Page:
Bad Beauty Buys

You can find lots of great beauty loot online, but you’ll also come across plenty of overblown or even bogus beauty claims and risky skin-care products. There’s also a lot of bad advice out there.

The Internet is an international marketplace. As a result, companies can get around federal regulations. So if you’re shopping online for beauty products or surfing for advice, watch out!

One one end of the risk spectrum, a lot of sites make product claims that make no sense from a scientific perspective. One example: face creams that allegedly contain stem cells and promise to “stimulate fresh, new skin-cell production” and “decrease wrinkle appearance” dramatically in 30 days. That just isn’t possible, scientifically speaking.

On the other end of the risk spectrum are products that require a prescription in the U.S. or that aren’t even approved by the Food and Drug Administration. Here are some examples:

Skin-lightening products that contain 4 percent hydroquinone. Anything over a 2 percent concentration requires a prescription. The risk: If you use hydroquinone preparations at too high a concentration for too long, you can experience a reaction where the skin gets darker.
Extremely potent topical steroid creams that are not FDA-approved sold as lightening and brightening agents. The risk: If you have skin of color (if you’re of Indian or African descent, for example), these can destroy the integrity and pigment of your skin.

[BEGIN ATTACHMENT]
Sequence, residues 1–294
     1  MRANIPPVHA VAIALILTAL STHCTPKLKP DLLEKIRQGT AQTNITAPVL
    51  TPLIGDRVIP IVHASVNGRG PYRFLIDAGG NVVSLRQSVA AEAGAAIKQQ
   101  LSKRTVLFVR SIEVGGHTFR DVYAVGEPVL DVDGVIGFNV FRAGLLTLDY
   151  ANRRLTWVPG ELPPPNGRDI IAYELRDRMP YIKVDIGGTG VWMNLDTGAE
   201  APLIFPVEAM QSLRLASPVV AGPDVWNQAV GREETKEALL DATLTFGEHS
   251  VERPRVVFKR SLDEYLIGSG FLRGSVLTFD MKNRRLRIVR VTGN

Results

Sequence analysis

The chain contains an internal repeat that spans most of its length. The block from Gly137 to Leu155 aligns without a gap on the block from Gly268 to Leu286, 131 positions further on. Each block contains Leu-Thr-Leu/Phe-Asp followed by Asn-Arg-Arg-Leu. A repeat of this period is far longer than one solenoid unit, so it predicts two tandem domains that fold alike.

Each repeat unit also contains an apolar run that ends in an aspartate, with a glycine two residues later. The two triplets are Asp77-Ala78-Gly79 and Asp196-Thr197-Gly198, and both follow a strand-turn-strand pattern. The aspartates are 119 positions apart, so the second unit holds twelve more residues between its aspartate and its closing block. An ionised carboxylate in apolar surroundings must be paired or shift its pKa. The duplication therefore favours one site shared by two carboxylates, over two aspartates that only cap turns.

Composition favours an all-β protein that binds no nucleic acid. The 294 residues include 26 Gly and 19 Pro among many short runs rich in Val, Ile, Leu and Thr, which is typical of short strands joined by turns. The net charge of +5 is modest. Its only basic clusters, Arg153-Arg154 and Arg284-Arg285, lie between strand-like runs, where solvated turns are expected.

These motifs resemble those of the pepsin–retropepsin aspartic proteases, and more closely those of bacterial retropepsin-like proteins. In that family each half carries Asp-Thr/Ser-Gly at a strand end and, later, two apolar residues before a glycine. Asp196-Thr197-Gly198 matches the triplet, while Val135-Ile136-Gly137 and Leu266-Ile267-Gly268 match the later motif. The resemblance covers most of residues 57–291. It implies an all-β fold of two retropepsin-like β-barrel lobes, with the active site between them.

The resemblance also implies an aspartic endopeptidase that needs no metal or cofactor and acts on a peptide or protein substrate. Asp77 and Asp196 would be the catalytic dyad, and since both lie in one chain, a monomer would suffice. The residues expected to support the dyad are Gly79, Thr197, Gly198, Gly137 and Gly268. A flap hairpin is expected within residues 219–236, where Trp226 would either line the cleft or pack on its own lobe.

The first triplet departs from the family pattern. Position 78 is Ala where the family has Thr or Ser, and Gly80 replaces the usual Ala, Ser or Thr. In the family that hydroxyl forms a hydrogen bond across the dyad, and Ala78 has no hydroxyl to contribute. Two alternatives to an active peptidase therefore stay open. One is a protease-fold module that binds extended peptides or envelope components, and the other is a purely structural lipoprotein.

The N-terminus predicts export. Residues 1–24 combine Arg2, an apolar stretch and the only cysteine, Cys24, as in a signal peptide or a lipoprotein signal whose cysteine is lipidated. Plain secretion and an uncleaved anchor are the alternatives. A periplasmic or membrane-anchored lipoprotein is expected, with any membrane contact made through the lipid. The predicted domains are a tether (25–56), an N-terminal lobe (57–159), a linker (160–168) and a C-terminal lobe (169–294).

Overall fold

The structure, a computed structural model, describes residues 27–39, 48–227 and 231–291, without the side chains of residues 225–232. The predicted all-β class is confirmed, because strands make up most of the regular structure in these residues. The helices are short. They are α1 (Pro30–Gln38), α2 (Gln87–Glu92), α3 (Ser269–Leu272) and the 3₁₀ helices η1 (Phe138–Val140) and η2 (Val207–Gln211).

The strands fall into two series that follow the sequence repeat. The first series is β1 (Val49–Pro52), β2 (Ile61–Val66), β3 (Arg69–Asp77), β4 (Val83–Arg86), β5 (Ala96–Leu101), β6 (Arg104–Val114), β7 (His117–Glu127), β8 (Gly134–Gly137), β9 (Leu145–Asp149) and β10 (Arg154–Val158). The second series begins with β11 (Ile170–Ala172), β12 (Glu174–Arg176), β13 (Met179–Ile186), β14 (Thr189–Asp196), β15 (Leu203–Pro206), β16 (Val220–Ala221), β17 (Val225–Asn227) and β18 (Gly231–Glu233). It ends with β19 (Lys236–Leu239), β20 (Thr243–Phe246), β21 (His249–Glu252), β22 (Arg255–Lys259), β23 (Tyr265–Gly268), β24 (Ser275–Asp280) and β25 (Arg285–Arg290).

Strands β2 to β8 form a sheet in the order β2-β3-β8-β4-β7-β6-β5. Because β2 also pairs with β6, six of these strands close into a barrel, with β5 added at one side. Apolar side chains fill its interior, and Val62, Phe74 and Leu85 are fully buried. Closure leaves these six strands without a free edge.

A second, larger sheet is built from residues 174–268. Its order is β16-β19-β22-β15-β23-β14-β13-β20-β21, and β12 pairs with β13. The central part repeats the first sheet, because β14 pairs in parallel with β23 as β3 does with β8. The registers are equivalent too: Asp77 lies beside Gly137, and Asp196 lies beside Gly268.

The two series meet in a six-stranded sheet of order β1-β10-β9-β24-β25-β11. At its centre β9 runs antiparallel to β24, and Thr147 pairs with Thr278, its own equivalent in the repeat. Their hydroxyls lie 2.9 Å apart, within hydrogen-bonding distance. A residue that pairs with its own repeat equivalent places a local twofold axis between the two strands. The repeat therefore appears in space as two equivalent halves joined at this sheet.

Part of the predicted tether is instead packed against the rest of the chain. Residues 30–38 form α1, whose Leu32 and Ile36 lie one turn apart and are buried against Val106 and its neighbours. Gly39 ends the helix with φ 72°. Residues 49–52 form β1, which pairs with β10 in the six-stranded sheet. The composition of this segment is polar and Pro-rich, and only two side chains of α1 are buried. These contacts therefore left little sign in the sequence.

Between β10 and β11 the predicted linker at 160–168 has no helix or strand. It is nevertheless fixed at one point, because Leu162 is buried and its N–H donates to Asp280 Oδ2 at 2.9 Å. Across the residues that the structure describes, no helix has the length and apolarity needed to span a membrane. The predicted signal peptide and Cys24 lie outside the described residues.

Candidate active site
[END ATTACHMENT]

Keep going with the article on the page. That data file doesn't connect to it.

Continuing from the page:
Skin products with higher concentrations of salicylic acid, glycolic acid, or retinoic acid. Anything higher than a 10 percent salicylic acid or a glycolic acid higher than 20 percent should be monitored by a physician, because of the potential for adverse skin reactions. There’s a reason retinoids (which are stronger than retinoic acid) require a prescription. A higher concentration can cause severe irritation, so it needs to be monitored by a physician.
In addition to risky or bogus products, you’ll also find lots of bad advice. Again, it ranges from the relatively harmless to the potentially disfiguring. One blogger recommended running eye pencil under hot water to make it glide on more smoothly. That will just wreck the pencil. Instead, twist it against the side of your clean palm for a few seconds – that should be enough to soften it sufficiently. Another site suggests using a mixture of pure castor oil and lemon juice as a wrinkle treatment. Castor oil can cause acne in oily skin types, and citrus juice, when it’s applied to the skin, can cause immediate irritation and brownish discoloration when the skin is exposed to sunlight.

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